There's a reason why the autism community logo is a puzzle piece. Actually there's a number of reasons, but one of them being that there is a myriad of puzzle pieces to this life of disAbility. And while the puzzle piece also signifies the remaining enigma of autism, all of our disAbility brothers and sisters have many pieces in the complex puzzle picture of their lives. Finding a spiritual home is one of the too often missing pieces. Simple you'd think. Not so. Seventy-five percent of families that would attend a spiritual center do not because they are not welcome, misunderstood, asked to leave, feared and in too many cases simply cannot get in the door because the lack of physical accessibility.
Nashville native Thomas Boehm comes from the Jewish tradition and now celebrates life as a Christian/Messianic Jew as well as a father of a child with Down syndrome. He knows the complex picture and is passionate, with his small organization, Faith For ALL, about completing the picture with accessible faith communities.
In conjunction with February-National Jewish Disability Awareness Month and because "Faith for ALL works to accelerate congregation accessibility so people with special needs can have deeper access into the community life of a congregation," the multiple film-festival award-garnering film "Praying with Lior," will show Wed. Feb. 23, 6:30 p.m. at the Gordon Jewish Community Center (GJCC).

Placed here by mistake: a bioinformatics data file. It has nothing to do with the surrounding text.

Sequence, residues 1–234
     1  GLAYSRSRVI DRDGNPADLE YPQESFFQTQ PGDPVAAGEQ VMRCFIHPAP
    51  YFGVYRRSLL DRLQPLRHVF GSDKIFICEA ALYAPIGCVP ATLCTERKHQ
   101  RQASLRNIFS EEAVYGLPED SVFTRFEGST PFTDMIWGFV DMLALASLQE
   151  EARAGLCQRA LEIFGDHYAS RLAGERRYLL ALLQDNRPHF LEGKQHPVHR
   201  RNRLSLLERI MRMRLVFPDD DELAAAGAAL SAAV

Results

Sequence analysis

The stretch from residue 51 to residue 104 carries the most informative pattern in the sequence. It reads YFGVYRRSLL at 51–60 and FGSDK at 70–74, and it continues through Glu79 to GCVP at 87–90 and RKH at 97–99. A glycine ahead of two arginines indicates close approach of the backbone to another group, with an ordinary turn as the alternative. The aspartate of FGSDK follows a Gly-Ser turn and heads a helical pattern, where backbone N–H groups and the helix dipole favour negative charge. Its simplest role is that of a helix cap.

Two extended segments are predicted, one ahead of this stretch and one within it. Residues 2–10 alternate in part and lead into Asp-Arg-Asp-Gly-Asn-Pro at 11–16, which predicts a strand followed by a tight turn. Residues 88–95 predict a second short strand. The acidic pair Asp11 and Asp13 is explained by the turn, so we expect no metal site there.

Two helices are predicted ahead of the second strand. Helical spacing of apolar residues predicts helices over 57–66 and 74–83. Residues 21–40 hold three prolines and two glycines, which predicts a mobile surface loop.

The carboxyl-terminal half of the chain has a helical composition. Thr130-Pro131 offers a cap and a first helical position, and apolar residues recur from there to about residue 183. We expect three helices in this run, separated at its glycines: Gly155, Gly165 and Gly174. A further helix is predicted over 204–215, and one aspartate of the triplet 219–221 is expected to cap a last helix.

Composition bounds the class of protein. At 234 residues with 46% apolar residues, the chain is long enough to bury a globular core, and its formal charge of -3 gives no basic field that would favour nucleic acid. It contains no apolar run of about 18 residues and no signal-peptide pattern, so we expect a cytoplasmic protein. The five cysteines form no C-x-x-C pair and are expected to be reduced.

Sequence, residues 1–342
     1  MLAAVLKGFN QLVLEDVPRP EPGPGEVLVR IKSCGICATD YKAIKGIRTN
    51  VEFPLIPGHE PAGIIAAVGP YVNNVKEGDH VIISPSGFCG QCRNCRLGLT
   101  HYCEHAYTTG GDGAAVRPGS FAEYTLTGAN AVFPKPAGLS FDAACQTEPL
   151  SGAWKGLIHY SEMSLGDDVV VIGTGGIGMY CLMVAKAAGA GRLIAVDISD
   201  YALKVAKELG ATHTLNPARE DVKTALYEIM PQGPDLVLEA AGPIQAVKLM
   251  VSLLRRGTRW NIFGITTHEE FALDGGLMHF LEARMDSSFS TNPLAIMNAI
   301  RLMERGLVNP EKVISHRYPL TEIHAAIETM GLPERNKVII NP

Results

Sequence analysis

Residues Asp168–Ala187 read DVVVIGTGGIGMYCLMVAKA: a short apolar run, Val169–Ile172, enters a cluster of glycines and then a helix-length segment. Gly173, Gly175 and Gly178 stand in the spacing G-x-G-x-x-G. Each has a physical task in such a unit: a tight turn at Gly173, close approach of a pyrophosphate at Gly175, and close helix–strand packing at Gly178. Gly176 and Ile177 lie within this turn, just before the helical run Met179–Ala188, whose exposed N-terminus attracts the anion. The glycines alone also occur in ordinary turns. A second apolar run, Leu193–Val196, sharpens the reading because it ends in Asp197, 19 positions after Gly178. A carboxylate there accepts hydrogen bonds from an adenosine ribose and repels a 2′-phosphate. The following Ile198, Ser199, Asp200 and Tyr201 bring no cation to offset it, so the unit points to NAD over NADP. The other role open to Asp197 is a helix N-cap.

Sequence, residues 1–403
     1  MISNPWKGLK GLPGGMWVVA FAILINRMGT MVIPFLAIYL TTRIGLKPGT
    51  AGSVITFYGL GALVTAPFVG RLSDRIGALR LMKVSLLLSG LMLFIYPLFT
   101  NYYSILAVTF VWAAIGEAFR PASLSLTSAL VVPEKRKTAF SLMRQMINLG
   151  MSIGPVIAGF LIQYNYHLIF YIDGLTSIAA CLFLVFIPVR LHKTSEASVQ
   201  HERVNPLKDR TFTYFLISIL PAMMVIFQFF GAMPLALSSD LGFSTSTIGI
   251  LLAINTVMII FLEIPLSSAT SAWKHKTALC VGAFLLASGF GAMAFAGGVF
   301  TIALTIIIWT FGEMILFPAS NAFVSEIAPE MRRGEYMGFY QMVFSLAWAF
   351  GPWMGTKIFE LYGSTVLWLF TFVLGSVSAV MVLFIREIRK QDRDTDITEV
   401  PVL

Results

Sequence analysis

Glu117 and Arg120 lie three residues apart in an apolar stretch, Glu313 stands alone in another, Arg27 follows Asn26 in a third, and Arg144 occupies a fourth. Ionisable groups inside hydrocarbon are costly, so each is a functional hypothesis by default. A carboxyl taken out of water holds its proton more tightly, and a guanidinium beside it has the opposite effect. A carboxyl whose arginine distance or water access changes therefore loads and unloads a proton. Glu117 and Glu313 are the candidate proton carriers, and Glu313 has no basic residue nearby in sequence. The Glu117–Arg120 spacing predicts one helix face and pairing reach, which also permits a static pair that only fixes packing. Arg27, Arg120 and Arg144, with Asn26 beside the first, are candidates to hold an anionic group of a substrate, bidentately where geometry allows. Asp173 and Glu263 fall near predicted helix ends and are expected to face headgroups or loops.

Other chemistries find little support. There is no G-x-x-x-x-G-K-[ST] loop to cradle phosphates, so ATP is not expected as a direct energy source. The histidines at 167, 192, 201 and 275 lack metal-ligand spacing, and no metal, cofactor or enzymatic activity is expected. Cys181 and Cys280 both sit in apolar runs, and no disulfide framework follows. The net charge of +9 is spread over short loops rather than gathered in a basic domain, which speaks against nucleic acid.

"Praying with Lior" is an engrossing, wrenching and tender documentary film that introduces Lior Liebling, also called "the little rebbe." Lior has Down syndrome, and has spent his entire life praying with utter abandon. As Lior approaches Bar Mitzvah, the Jewish coming-of-age ceremony different characters provides a window into life spent "praying with Lior." The movie poses difficult questions such as what is "disability" and who really talks to God? Told with intimacy and humor, "Praying with Lior" is a family story, a triumph story, a grief story, a divinely-inspired story.
I am disappointed with the use of the "R" word in this video. I believe in PeopleFirst attitudes and respectful langauge about those who, like my daughter, have "intellectual disabilities." Nonetheless, I believe this film and this trailor has great merit otherwise and deserved to be shared here.
Have you experienced inclusion or exclusion within a faith community because of disAbility? Do you belong to an inclusive faith community?